If there’s one thing that visitors to this area understand, it’s that the hiking trails are popular no matter what time of the year. Even those that seem the most challenging in terms of elevation gain and distance, like Mt. Cammerer or Alum Cave, have their fair share of hikers.
But on the Maddron Bald Trail near the Cosby entrance to the Great Smoky Mountains National Park, you likely won’t have that issue. The reason is access. Cosby is a half hour drive from the main Tennessee entrance in Gatlinburg and doesn’t attract the crowds that tend to gather there. Another bonus for our guests here at Christopher Place: it’s a 30-minute drive from the property, so it may be one of the first trails you might considering venturing forth on during your stay.
A highlight of Maddron Bald is Albright Grove, the home of the oldest cove hardwood forest in the park. Lumbering and episodes of blight nearly decimated the abundant groves here, but thanks to the protection of the National Park, this area remains. You’ll find mostly tulip poplars and hemlock, as well as birch, beech, maple and buckeye trees.
The trail is 7.0-miles round trip, which will bring you to Albright Grove. Plan to start your hike early to arrive here with plenty of daylight left. It will take you anywhere from four to six hours to complete.
How to get there
From Newport, head south on US 321 for roughly 17 miles. Turn left onto Baxter Road, and look for a trailhead sign for Maddron Bald. Turn right to the beginning.
A little history about the trail: its namesake is Lawson Maddron, a minister who resided in the area in the late 1800’s. As a way to provide sorely needed jobs during the Great Depression, workers from the Civilian Conservation Corps it in early 1930s. Albright Grove is named after Horace Albright, director of the National Park Service at the time the Great Smoky Mountains National Park was first conceived.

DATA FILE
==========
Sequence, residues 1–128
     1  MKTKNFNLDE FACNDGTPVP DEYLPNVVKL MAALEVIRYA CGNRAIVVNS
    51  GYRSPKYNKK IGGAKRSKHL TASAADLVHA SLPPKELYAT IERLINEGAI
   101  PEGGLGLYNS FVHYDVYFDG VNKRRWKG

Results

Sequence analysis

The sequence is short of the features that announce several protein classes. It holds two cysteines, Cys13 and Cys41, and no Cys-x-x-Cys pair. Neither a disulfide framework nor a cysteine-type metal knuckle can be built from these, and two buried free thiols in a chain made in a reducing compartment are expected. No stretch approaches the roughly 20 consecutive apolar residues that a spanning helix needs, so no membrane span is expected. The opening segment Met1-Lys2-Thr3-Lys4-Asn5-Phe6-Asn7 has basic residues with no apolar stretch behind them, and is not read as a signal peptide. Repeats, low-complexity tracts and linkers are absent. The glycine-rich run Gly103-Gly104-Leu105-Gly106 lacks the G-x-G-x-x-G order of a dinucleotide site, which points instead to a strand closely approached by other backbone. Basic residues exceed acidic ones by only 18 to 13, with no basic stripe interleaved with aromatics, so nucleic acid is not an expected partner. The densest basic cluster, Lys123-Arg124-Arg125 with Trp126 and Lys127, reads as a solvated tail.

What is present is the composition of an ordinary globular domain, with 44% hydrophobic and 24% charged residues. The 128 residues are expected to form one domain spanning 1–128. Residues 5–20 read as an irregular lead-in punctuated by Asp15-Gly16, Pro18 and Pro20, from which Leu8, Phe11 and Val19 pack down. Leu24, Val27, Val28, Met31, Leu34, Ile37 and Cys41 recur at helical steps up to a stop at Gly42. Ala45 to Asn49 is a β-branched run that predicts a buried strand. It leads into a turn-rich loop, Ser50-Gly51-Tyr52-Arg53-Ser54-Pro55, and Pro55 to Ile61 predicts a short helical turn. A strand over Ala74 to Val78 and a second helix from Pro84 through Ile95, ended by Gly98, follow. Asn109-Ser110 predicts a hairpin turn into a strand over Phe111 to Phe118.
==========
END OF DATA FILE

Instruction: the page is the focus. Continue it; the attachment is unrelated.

From the trail-head to the Baxter Cabin
For the first 2.3 miles of Maddron Bald, you’ll hike on a wide gravel road that’s free of motor traffic. The terrain gradually ascends to a total gain of 1,974 feet.
After 0.7 mile from the trailhead, you’ll come to the Baxter Cabin, a wedding present given to the son of Willis Baxter and constructed from one single chestnut tree. This refurbished structure will give you an idea of how settlers lived in this area of the Smoky Mountains.
From Baxter Cabin to Albright Grove
A half-mile further, you’ll come to an intersection where Gabes Mountain Trail and the Old Settlers Trail meet with Maddron Bald. Keep going south, as the trail ascends above Indian Camp Creek. You’ll also encounter the Maddron family cemetery nearby. The trail turns to dirt and narrows in another mile, taking you into the forest.
When you cross the creek at 2.7 miles, you’ll climb toward the Albright Grove Loop Trail junction. Take a right here, and proceed onto the loop, which is roughly three-quarters of a mile and circles back to Maddron Bald.
The trail will ascend for another 0.3 mile before heading back down. Right before this point, you may want to view the tallest tree in the grove, a 135-foot and 25 foot around poplar. Retrace your steps back to the trail head.
Next month, we’ll feature another fantastic trail that you can explore on a getaway to eastern Tennessee while you stay at Christopher Place, your Smoky Mountains bed and breakfast inn. Get in touch with us today, and reserve your place here.